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Elizabeth Cooney is a health reporter for the Worcester Telegram & Gazette.
Boston Globe Health and Science staff:
Scott Allen
Alice Dembner
Carey Goldberg
Liz Kowalczyk
Stephen Smith
Colin Nickerson
Beth Daley
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Monday, February 26, 2007

Nurse staffing levels not the whole story, reader says

Liz Kowalczyk's recent blog item about a Massachusetts Hospital Association website that posts nurse staffing levels drew a skeptical response from a man whose wife spent much of last year in three hospitals.

"Anyone who thinks that even a majority of nursing hours are spent 'at each patient's bedside' is out of touch with reality," he wrote in an e-mail. "A good portion of the nurse’s day is spent in data entry, and God help anyone needing care in the hours near shift changes."

An MHA spokesman said in an e-mail that some nursing activities related to coordination of patient care might occur away from the patient.

"It's not unreasonable that a nurse is out of the patient room and away from the bedside to consult with other members of the care team, to review orders, to prepare medication, and yes, to document the care provided so that others can take care of the patient as well," said Paul Wingle, MHA senior director of communications.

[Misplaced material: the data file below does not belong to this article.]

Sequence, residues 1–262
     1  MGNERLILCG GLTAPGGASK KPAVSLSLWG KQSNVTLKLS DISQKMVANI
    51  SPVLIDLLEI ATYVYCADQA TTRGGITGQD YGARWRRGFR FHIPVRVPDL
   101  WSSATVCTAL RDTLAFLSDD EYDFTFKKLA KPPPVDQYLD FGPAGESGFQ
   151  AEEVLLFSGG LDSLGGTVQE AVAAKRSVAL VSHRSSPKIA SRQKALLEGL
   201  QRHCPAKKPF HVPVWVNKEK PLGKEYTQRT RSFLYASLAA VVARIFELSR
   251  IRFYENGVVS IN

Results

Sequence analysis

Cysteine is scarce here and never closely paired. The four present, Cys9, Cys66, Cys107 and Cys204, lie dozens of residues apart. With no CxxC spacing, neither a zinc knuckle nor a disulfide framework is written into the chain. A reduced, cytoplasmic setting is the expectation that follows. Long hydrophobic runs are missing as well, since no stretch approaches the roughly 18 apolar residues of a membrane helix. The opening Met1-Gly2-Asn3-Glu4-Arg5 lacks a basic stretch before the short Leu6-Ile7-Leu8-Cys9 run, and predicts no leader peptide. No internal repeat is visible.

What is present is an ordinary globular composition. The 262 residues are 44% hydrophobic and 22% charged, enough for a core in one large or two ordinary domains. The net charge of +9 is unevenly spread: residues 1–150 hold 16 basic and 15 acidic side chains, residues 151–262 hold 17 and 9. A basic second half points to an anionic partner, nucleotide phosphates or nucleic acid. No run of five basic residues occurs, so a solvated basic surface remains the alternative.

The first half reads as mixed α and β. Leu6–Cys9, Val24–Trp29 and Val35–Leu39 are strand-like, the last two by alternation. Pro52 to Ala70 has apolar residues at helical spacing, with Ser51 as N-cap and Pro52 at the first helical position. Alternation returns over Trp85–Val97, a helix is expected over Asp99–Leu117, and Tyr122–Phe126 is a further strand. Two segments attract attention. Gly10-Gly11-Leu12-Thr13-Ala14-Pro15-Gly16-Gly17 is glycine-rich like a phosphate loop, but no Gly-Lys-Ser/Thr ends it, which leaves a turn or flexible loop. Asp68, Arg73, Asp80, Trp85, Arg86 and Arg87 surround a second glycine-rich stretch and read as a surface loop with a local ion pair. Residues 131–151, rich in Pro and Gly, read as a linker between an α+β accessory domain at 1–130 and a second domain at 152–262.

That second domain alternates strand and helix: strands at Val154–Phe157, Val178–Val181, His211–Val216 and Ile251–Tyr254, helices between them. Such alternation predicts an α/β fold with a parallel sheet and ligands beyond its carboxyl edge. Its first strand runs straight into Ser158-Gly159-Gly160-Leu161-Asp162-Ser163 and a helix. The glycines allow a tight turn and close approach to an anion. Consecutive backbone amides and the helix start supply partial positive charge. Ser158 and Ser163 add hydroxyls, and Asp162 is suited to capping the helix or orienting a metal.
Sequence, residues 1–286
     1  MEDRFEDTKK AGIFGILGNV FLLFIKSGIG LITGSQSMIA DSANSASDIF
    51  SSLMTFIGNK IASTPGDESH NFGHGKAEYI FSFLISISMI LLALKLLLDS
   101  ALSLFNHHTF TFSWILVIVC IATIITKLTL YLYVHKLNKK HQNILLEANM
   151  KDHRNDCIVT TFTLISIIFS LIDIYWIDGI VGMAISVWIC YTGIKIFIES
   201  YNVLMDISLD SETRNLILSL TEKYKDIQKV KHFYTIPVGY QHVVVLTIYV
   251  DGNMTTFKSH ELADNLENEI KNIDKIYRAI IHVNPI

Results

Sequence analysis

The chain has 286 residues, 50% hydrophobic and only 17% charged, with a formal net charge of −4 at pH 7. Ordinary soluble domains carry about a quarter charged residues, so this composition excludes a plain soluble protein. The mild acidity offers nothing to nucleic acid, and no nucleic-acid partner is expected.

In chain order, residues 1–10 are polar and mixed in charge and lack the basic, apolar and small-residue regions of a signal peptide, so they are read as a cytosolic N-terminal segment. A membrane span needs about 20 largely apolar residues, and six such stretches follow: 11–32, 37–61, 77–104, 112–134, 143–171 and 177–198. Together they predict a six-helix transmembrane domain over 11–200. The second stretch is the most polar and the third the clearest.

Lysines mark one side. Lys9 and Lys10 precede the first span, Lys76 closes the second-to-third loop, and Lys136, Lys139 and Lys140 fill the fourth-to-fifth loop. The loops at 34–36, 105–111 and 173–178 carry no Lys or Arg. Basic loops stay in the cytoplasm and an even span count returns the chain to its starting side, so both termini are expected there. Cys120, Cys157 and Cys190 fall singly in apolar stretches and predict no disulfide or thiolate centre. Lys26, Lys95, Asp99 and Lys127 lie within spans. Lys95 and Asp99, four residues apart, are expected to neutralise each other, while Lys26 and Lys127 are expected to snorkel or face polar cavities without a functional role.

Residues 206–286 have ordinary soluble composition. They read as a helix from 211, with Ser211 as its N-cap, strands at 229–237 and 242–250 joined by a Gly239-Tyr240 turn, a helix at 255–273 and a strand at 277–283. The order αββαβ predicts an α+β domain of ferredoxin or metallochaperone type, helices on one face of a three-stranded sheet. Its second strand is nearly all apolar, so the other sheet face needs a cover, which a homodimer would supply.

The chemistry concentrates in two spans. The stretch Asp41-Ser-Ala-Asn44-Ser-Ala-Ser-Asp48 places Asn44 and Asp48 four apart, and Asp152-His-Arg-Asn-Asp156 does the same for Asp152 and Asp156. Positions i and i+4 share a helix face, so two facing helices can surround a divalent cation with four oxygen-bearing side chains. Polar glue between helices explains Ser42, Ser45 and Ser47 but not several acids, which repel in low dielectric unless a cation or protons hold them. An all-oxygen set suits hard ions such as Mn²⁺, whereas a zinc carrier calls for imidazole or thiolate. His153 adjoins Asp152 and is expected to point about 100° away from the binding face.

The man, who declined to be identified, said his wife was 66 when she died in December of sepsis. She was treated at Emerson Hospital in Concord, UMass Memorial Medical Center's two campuses in Worcester and Saints Memorial Medical Center in Lowell. She also received care at a rehab hospital whose staffing levels were not included on the MHA website and at skilled nursing homes.

The nurse staffing levels were similar across the three acute-care hospitals, averaging around 8 hours per patient day on medical/surgical wards and about 15 hours per patient day in intensive care units, according to the MHA site. But those numbers don't tell the whole story, the e-mail writer said in an interview.

The care his wife received in intensive care units was great, he said, but in other units it varied, even within the same hospital. It appeared to him that nurses spend about 30 percent to 50 percent of their time with patients.

"The point is, the percentage of the nurses' time actually spent in care-giving is not what is posted. Those are total hours."

Posted by Elizabeth Cooney at 05:12 PM
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